Peter Bogdanovich was one of the best and hard-working American directors, who also was a writer-actor, producer, critic, and film historian.
He died today of natural causes at his home in Los Angeles. He was 82. Family members, who were by his side, said paramedics were unable to revive him.
His daughter, writer-director Antonia Bogdanovich, said of her father: “He never stopped working, and film was his life and he loved his family. He taught me a lot.”
Bogdanovich started as a film journalist until he got hired to work on Roger Corman’s The Wild Angels (1966). After that film’s success, he directed his own film Targets (1968), a critical success. He later gained wider popularity for his critically acclaimed drama The Last Picture Show (1971), which earned eight Oscar nominations including Best Director and Best Adapted Screenplay.
Following The Last Picture Show success, he directed the screwball comedy What’s Up, Doc? (1972), starring Barbra Streisand, Ryan O’Neil which was a major box office success, and another critical and commercial success, Paper Moon (1973), Tatum O’Neil who got an Oscar but earned him a Golden Globe Award for Best Director nomination.
His following three films were all critical and commercial failures; including Daisy Miller (1974). He took a three-year hiatus before making a comeback with cult films Saint Jack (1979) and They All Laughed (1981). After his girlfriend Dorothy Stratten’s murder, he took another four-year hiatus from filmmaking and wrote a memoir on her death titled The Killing of the Unicorn before making a comeback with Mask (1985), a critical and commercial success. He later went on to direct films such as Noises Off (1992), The Thing Called Love (1993), The Cat’s Meow (2001), and She’s Funny That Way (2014). As an actor, he is known for his roles in HBO series The Sopranos and Orson Welles’s last movie The Other Side of the Wind (2018), which he also helped to finish. He received a Grammy Award for Best Music Film for directing the Tom Petty documentary Runnin’ Down a Dream (2007).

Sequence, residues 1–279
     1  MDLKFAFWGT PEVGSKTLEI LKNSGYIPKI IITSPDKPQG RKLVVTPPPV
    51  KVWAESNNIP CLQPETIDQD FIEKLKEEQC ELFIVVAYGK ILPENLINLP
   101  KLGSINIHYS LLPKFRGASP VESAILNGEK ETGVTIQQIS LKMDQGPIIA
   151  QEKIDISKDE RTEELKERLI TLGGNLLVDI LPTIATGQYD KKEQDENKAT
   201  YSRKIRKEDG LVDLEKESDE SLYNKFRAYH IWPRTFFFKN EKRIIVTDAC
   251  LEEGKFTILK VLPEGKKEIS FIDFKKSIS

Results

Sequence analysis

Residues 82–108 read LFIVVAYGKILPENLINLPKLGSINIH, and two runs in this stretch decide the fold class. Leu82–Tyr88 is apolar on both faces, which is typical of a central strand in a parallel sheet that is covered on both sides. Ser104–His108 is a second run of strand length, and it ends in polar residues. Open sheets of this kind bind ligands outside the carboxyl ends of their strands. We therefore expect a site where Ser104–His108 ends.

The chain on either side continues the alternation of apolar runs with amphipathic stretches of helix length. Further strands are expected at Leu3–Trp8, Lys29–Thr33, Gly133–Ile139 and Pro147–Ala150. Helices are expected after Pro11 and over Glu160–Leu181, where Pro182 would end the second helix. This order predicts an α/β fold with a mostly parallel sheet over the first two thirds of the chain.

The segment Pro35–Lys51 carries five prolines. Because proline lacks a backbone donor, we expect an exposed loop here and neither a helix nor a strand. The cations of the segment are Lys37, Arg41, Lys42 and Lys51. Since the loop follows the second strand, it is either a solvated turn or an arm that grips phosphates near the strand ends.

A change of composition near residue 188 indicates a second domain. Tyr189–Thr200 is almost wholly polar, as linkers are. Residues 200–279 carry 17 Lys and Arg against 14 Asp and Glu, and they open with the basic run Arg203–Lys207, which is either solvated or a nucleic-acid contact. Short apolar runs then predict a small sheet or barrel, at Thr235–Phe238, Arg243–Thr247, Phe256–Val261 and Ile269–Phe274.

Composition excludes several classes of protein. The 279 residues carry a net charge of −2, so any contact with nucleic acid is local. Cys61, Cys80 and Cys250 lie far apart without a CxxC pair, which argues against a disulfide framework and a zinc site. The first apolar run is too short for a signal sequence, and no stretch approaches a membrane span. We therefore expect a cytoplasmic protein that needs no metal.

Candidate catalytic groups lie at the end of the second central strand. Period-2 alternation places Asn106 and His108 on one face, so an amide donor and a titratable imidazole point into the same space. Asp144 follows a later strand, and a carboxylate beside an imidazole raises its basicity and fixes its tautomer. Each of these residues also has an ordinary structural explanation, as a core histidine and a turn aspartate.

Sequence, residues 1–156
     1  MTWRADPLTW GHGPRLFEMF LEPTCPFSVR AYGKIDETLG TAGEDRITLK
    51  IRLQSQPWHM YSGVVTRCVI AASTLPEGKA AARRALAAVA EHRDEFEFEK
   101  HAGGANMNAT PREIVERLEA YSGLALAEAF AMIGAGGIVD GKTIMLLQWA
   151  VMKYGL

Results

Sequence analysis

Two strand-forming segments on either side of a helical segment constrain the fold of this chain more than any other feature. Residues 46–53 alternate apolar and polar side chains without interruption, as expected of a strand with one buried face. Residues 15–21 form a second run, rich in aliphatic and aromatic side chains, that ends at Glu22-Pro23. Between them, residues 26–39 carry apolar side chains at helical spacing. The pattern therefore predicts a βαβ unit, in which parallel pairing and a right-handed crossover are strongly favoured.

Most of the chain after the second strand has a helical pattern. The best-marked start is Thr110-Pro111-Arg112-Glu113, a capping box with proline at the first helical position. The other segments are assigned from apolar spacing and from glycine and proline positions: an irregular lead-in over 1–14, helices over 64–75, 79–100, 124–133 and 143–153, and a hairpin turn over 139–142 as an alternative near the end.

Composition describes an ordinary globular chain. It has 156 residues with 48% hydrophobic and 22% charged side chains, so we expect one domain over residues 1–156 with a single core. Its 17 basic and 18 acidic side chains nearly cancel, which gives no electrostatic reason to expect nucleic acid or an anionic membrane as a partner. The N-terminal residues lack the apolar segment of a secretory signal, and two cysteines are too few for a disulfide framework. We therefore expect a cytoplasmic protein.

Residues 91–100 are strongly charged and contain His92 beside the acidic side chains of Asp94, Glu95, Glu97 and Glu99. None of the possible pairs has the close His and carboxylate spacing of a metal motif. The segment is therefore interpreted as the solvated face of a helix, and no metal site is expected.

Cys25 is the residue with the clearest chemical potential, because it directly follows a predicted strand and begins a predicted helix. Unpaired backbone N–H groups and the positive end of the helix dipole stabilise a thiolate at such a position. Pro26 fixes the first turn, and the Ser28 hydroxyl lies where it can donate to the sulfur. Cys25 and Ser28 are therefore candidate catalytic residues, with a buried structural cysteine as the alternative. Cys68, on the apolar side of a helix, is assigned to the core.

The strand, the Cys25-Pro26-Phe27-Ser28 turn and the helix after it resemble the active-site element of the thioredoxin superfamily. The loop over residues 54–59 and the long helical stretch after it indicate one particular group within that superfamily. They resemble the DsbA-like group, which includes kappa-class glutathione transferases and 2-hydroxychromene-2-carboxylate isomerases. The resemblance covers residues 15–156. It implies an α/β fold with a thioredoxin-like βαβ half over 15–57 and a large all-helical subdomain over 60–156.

An accomplished film historian, he directed documentaries such as Directed by John Ford (1971) and The Great Buster: A Celebration (2018), and published over ten books, some of which include in-depth interviews with friends Howard Hawks and Alfred Hitchcock.
Bogdanovich’s works have been cited as important influences by many major filmmakers. His works have been cited as influences by such filmmakers as Quentin Tarantino, Rian Johnson, David Fincher, Edgar Wright, the Safdie brothers, David O. Russell, Andy Muschietti, Sofia Coppola, Wes Anderson, and Noah Baumbach.
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